Finally, it is proffered that AEC is now entering a new technological era, where almost anything is possible. This statement is made from a somewhat halcyon perspective, insofar as technological solutions are possible whenever or wherever a need exists. This requires considerable effort from all. The old adage of “limited job security, harsh working conditions, and poor health and safety” may still exist in some parts of the industry. However, the obverse is equally true, evidenced through many innovative companies pioneering OSM—most of which are showcasing highly flexible and value-laden solutions. These companies have already resolved many of the challenges raised earlier in this paper. Moreover, they are championing new products and divested services through OSM. This is very encouraging given the transition to Industry 4.0. The findings from this case study provide an important step in this direction, particularly through the use of bespoke BIM libraries, DfMA methodologies, and GD-driven solutions.

Author Contributions

Conceptualization, S.A.; Data curation, R.M.-D. All authors have read and agreed to the published version of the manuscript.


This research received no external funding.

Institutional Review Board Statement

Not applicable.

Informed Consent Statement

Not applicable.

Data Availability Statement

Not applicable.

Conflicts of Interest

The authors declare no conflict of interest.


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Figure 1. Conceptual framework.
Figure 1. Conceptual framework.
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Figure 2. Identification of core elements.
Figure 2. Identification of core elements.
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Figure 3. BIM library coding convention.
Figure 3. BIM library coding convention.
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Figure 4. (a) Ground floor two-bedroom house; (b) first floor two-bedroom house.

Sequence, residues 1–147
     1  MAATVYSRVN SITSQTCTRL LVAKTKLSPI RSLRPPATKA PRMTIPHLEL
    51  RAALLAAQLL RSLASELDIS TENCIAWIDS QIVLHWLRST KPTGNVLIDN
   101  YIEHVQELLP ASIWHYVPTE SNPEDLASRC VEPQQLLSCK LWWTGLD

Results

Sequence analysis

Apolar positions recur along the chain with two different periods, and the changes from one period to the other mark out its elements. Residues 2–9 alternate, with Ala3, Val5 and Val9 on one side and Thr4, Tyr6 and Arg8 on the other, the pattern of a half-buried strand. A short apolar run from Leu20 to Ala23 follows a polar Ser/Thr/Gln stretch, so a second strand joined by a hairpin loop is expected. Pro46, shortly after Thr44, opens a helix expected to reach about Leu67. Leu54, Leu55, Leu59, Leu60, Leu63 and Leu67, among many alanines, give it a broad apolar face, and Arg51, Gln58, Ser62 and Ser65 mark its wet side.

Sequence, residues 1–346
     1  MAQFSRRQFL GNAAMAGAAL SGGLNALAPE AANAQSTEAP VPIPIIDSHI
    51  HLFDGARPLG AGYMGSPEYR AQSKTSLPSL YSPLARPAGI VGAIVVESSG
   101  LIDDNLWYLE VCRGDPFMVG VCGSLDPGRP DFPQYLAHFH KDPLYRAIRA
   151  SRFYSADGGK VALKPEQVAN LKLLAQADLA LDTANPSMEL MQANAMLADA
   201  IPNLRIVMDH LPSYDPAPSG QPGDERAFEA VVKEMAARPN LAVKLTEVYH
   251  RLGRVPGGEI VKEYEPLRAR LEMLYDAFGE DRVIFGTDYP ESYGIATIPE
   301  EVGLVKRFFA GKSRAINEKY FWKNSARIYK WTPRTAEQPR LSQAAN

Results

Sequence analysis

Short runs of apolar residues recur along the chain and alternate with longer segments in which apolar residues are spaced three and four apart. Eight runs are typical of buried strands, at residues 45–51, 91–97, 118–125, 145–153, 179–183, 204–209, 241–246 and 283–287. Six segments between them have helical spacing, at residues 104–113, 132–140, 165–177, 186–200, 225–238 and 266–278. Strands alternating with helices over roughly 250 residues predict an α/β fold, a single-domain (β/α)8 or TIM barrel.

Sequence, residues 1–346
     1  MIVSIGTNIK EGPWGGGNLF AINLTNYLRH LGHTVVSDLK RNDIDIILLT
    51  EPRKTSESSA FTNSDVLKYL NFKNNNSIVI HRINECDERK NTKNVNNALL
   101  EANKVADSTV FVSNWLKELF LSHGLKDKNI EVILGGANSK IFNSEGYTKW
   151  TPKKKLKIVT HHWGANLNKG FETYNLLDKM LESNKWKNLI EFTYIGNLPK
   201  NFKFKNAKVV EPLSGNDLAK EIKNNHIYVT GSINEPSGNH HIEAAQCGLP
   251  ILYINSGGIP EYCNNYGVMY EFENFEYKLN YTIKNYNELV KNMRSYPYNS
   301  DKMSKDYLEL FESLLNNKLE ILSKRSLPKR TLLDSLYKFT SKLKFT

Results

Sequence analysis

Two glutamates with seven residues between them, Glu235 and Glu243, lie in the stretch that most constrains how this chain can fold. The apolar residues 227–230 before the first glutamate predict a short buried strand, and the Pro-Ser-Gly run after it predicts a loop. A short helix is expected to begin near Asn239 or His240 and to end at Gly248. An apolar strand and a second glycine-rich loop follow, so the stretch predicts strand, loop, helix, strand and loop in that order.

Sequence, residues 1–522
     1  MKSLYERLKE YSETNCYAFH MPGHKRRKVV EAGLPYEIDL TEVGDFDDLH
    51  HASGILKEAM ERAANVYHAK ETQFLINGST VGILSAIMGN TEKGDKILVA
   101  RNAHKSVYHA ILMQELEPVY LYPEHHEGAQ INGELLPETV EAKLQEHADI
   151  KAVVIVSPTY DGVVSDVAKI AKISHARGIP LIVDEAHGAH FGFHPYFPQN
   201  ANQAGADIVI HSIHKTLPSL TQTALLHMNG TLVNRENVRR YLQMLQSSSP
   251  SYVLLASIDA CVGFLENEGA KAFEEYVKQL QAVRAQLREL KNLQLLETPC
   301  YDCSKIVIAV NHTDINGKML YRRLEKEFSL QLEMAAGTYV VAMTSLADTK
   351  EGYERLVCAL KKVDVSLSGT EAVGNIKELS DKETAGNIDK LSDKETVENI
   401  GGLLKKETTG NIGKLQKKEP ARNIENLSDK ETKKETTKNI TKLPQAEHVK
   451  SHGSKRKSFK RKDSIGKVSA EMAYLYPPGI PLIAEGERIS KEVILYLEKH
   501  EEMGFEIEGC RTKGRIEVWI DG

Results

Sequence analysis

Figure 4. (a) Ground floor two-bedroom house; (b) first floor two-bedroom house.
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Figure 5. (a) Two-bedroom house perspective; (b) two-bedroom house displacements.
Figure 5. (a) Two-bedroom house perspective; (b) two-bedroom house displacements.
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Table 1. BIM library components descriptions.
Table 1. BIM library components descriptions.
1EF_20_10-300-AEST-EXTElement/FunctionStructural element Sustainability 13 09591 i001
LoDDetailed design
SourceGeneric object
2EF_20_10-300-AEST-INTElement/FunctionStructural element Sustainability 13 09591 i002
LoDDetailed design
SourceGeneric object
3EF_20_10-300-MEP&A-EXTElement/FunctionStructural element Sustainability 13 09591 i003
LoDDetailed design
SourceGeneric object
TypeWith mech., elect., and plumbing and aesthetic features
4EF_20_10-300-MEP-EXTElement/FunctionStructural element Sustainability 13 09591 i004
LoDDetailed design
SourceGeneric object
TypeWith mech., elect, and plumbing
5EF_20_10-300-MEP-INTElement/FunctionStructural element
LoDDetailed design
SourceGeneric object
TypeWith mech., elect, and plumbing
6EF_20_10-300-STND-EXTElement/FunctionStructural element Sustainability 13 09591 i005
LoDDetailed design
SourceGeneric object
7EF_20_10-300-STND-INTElement/FunctionStructural element Sustainability 13 09591 i006
LoDDetailed design
SourceGeneric object
8EF_25_10-300-MEP&A-INTElement/FunctionWall (non-structural) Sustainability 13 09591 i007
LoDDetailed design
SourceGeneric object
TypeWith mech., elect., and plumbing and aesthetic features
9EF_25_10-300-STND-INTElement/FunctionWall (non-structural) Sustainability 13 09591 i008
LoDDetailed design
SourceGeneric object
10EF_25_10-300-MEP-INTElement/FunctionWall (non-structural) Sustainability 13 09591 i009
LoDDetailed design
SourceGeneric pbject
TypeWith mech., elect., and plumbing
11EF_25_10-300-AEST-INTElement/FunctionWall (non-structural)
LoDDetailed design
SourceGeneric object
12EF_30_10-300-STNDElement/FunctionRoof Sustainability 13 09591 i010
LoDDetailed design
SourceGeneric object
13EF_30_20-300-MEPElement/FunctionFloor Sustainability 13 09591 i011
LoDDetailed design
SourceGeneric object
TypeWith mech., elect., and plumbing
14EF_30_20-300-MEP-FNDTNElement/FunctionFloor Sustainability 13 09591 i012
LoDDetailed design
SourceGeneric object
TypeWith mech., elect., and plumbing
SubtypeAssembled to foundations
15EF_30_20-300-STNDElement/FunctionFloor Sustainability 13 09591 i013
LoDDetailed design
SourceGeneric object
16EF_30_20-300-STND-FNDTNElement/FunctionFloor Sustainability 13 09591 i014
LoDDetailed design
SourceGeneric object
SubtypeAssembled to foundations
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Abrishami, S.; Martín-Durán, R. BIM and DfMA: A Paradigm of New Opportunities. Sustainability 2021, 13, 9591.